Revised stratigraphy and chronology for Homo floresiensis at Liang Bua in Indonesia

Abstract

Homo floresiensis, a primitive hominin species discovered in Late Pleistocene sediments at Liang Bua (Flores, Indonesia)1,2,3, has generated wide interest and scientific debate. A major reason this taxon is controversial is because the H. floresiensis-bearing deposits, which include associated stone artefacts2,3,4 and remains of other extinct endemic fauna5,6, were dated to between about 95 and 12 thousand calendar years (kyr) ago2,3,7. These ages suggested that H. floresiensis survived until long after modern humans reached Australia by ~50 kyr ago8,9,10. Here we report new stratigraphic and chronological evidence from Liang Bua that does not support the ages inferred previously for the H. floresiensis holotype (LB1), ~18 thousand calibrated radiocarbon years before present (kyr cal. bp), or the time of last appearance of this species (about 17 or 13–11 kyr cal. bp)1,2,3,7,11. Instead, the skeletal remains of H. floresiensis and the deposits containing them are dated to between about 100 and 60 kyr ago, whereas stone artefacts attributable to this species range from about 190 to 50 kyr in age. Whether H. floresiensis survived after 50 kyr ago—potentially encountering modern humans on Flores or other hominins dispersing through southeast Asia, such as Denisovans12,13—is an open question.

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Figure 1: Site location.
Figure 2: Composite stratigraphic section of deposits at Liang Bua, with approximate ages.
Figure 3: Stratigraphy of excavated Sectors near the eastern wall of the cave.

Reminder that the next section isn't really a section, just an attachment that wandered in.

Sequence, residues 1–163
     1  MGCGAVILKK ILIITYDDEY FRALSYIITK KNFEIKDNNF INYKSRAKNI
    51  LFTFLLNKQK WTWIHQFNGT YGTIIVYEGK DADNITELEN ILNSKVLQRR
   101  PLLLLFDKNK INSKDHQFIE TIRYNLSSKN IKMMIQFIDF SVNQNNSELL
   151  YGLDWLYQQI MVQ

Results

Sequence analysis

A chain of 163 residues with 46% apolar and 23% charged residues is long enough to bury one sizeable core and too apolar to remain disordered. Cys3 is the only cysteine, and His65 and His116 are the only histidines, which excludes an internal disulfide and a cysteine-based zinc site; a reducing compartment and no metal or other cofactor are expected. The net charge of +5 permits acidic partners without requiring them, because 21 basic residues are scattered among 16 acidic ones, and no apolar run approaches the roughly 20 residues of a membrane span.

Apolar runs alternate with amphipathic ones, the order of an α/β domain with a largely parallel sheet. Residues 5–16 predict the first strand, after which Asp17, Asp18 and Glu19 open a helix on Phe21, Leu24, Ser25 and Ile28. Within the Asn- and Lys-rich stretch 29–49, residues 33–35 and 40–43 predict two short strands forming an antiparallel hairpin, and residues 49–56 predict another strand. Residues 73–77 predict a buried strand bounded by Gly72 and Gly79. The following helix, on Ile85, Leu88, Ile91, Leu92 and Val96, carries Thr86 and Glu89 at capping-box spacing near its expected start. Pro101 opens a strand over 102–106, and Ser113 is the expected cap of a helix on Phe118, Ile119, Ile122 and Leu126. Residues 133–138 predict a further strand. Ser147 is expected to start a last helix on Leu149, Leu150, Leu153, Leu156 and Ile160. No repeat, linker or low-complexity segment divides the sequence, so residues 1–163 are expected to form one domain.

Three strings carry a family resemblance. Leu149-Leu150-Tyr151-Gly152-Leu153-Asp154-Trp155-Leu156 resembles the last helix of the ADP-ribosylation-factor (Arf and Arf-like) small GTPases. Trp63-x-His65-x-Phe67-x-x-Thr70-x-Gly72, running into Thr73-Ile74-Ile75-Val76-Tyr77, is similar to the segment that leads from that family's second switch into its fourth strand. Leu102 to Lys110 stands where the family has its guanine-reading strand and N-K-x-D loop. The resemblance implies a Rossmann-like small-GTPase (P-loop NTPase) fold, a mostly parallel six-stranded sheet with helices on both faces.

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Acknowledgements

The 2007–2014 excavations at Liang Bua were supported by an Australian Research Council (ARC) Discovery Project grant to M.J.M. (DP0770234), a Waitt Foundation/National Geographic Society grant to M.W.T. and T.S. (No. 2121-2) and a Smithsonian Scholarly Studies Program award to M.W.T. Additional funding was provided by the Peter Buck Fund for Human Origins Research, the Smithsonian’s Human Origins Program, the University of Wollongong (UOW) and the ARC (DP1093049 to K.E.W.). T.S. is supported by a UOW postgraduate scholarship, M.W.T. by a Canada Research Chair, M.A. and A.B. by ARC Discovery Early Career Researcher Awards (DE140100254 and DE130101560, respectively), B.L. by an ARC Future Fellowship (FT14010038), R.G.R. by an ARC Australian Laureate Fellowship (FL130100116) and B.V.A. by a Victoria University of Wellington Science Faculty Research Grant (201255). QUADLAB is funded by the Villum Foundation. Fieldwork was authorised by Pusat Penelitian Arkeologi Nasional (Jakarta, Indonesia) and Pemerintah Daerah Kabupaten Manggarai (Flores, Nusa Tenggara Timur). We also thank I Made Geria, V. N. Sene, R. Potts, P. Goldberg, K. Douka, G. Veatch, V. Rossi, A. Metallo, L. Kinsley, Y. Jafari, T. Lachlan, A. D. Nguyen, D. Yurnaldi, R. Setiawan, I Dewa Kompiang and the entire Liang Bua Team from Teras, Golo Manuk and Bere.